Review of Business Improvement Districts Scotland
Communities Analysis, Scottish Government
A Business Improvement District ( BID) is where local businesses work as one to help improve an area. Businesses decide if they want to set one up a through holding a ballot. If the ballot is successful, they pay a levy which is spent on local improvements. There are currently 36 established BIDs across Scotland, with 20 more in development. In 2014, the Scottish Government contracted a national body called Business Improvement Districts Scotland to help support BIDs across Scotland. This research explores (through interviews with key stakeholders) the impact of their support so far and considers the options going forward. For more details, please go to BIDs Scotland's website.
- The advice and information received from BIDs Scotland was timely and helpful, and interviewees felt confident in the quality of the advice received.
- The training events and annual conferences BIDs Scotland organised were well received, with people gaining new knowledge and insights from other Scottish and international BIDs.
- BIDs that faced challenging issues generally felt that BIDs Scotland could offer them more proactive support.
- Some interviewees thought that BIDs Scotland tended to focus on town centre BIDs at the expense of different types of BIDs. If other types of BIDs will continue to be developed, the website should be updated to reflect this.
- Longer established BIDs felt neglected by BIDs Scotland's focus on newly emerging BIDs.
- Interviewees made a number of recommendations for how BIDs Scotland could support them more effectively in the future (resources allowing):
- Voting register of national companies
- More networking opportunities
- Step-by-step desk instructions and completed example documents
- Initial meeting to discuss processes, requirements and risks in detail
- Timely feedback on business plan (where submitted early)
- Website section sharing information and inspirational ideas
A Business Improvement District ( BID) is a precisely defined geographical area where businesses vote to invest collectively in local improvements to improve business environments and improve local economic growth. BIDs are developed, managed and paid for by the commercial sector by means of a compulsory BID levy charged to all businesses within the BID area.
A BID can be established wherever additional services to those which the statutory authorities provides are desired by the local business community. BIDs can be located in a range of places: in town centres; in one or two particular streets; industrial estates; business parks; and they can also cover rural areas.
All eligible businesses in a BID area would contribute to the scheme after a majority of businesses have supported the BID in the ballot. The BID company then spends its money on projects and initiatives that have been developed in consultation in the BID area, detailed in a business plan and approved by a majority of the levy payers.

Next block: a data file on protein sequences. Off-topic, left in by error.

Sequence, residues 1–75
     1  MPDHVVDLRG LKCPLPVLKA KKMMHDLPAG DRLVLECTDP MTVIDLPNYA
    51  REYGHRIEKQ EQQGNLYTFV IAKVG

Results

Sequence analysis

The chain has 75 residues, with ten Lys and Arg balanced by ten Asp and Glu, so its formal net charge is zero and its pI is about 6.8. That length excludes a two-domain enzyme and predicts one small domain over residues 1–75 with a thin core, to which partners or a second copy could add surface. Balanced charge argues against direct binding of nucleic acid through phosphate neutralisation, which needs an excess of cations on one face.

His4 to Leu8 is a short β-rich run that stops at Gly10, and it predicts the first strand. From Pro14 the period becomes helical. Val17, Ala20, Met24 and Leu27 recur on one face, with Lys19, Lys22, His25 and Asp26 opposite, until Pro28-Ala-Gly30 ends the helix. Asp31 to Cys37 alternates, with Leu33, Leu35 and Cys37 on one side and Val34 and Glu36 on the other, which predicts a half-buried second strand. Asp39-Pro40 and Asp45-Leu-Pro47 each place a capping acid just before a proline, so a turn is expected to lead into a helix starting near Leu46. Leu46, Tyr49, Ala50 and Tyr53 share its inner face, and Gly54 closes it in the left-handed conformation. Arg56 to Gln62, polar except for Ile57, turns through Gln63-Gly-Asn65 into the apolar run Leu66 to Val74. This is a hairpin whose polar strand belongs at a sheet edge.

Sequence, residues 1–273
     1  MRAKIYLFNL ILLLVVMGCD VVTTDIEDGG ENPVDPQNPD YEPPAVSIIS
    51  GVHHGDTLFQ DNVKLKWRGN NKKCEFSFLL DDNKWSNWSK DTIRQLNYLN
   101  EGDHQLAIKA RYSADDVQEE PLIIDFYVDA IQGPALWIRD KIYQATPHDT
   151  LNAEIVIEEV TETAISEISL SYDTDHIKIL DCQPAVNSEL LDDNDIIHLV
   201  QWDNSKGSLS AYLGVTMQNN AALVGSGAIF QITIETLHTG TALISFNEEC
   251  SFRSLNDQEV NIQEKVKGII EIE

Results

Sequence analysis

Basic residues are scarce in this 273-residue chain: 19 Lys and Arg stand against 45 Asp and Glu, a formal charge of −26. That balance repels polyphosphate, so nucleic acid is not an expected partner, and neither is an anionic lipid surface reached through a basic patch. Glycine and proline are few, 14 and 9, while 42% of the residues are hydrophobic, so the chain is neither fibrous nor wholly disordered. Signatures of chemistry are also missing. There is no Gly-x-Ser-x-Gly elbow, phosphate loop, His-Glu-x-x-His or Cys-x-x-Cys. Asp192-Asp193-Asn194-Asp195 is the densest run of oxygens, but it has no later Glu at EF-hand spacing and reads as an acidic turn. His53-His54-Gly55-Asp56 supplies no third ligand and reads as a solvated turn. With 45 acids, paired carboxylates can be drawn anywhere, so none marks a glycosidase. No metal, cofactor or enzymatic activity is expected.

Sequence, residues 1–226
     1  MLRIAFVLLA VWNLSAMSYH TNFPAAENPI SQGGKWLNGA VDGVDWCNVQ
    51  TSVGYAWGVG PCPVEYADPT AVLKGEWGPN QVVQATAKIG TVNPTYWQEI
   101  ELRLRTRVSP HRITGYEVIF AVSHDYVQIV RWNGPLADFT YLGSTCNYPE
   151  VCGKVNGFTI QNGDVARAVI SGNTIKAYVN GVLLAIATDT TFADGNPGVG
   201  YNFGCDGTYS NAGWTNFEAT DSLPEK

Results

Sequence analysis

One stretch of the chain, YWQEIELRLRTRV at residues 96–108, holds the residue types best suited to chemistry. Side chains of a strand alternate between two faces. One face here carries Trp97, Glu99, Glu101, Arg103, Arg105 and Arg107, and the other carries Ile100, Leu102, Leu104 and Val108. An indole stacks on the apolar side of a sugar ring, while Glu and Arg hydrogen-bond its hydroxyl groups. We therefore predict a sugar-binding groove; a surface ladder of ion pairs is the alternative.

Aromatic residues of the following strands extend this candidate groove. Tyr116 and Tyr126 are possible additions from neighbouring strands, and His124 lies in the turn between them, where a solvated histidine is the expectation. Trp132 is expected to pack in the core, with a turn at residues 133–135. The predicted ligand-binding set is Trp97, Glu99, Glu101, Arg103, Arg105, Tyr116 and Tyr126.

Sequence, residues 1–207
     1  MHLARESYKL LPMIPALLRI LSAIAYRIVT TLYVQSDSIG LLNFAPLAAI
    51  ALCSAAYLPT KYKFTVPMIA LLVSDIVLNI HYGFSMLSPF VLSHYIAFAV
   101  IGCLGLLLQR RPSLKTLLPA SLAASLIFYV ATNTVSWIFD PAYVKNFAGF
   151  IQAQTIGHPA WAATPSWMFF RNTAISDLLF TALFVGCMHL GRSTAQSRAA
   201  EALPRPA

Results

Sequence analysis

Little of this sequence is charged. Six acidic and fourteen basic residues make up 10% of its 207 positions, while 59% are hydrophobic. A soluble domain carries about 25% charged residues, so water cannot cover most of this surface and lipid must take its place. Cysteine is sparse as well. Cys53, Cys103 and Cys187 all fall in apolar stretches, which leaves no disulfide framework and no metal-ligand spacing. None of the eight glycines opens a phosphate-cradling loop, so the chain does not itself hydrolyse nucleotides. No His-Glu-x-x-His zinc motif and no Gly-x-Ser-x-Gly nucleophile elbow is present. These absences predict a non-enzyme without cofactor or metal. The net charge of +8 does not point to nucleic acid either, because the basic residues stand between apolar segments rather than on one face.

The overall aim of this project is to consider the impact of BIDs Scotland to date in their role to develop and support BIDs. The research examines the strengths and weaknesses of the current model, and the future of the model, by exploring the views and experiences of organisations who are supported by BIDs Scotland. The specific objectives were to:
- Explore the strengths and weaknesses of the current delivery model.
- Establish stakeholders' perceptions of the role of BIDs Scotland and how this is being delivered.
- Provide suggestions on how BIDs Scotland's role could be developed and enhanced to meet the needs of stakeholders
- Provide suggestions for ways in which BIDs Scotland can understand impact to enable on-going development of its services.
The review employed a qualitative methodology. A sample of BIDs with a range of experiences were invited to interview. The sample was designed to include a diverse range of BIDs, with the following taken into account:
- BID stage (e.g. recently established, long-term)
- Ballot outcome (i.e. successful/unsuccessful)
- Category (e.g. sectoral, town centre)
Ten BID representatives agreed to participate in the research and telephone interviews were conducted over the course of July 2016. Telephone interviews were a practical choice due to the disparate location of the participants.
Applying to become a BID
Most applied to become BIDs to improve economic growth in their area. Within this there were three main themes:
- Instigating change through raising money to pay for projects and initiatives that provide local solutions to local problems
- Change in the local area was often a catalyst to applying, either to mitigate negative changes or to maximise new opportunities
- Knowledge and previous experience of BIDs were common among interviewees and their BID colleagues, and this often informed decisions to apply to become BIDs
There were a number of factors that interviewees felt helped with the delivery of the BID which were not to do with the support that they received:
- previous knowledge and experience of BIDs and of town centre planning
- good relationships with the local authority economic development team
- supportive BID management group/steering group
In terms of what BIDs Scotland could do, the findings from the interviews were mainly around one of two aspects of their work:
1. Supporting new, emerging and existing BIDs to develop and deliver
2. Enabling learning to be shared
The remainder of this short report will focus on these.
Supporting BIDs to develop and deliver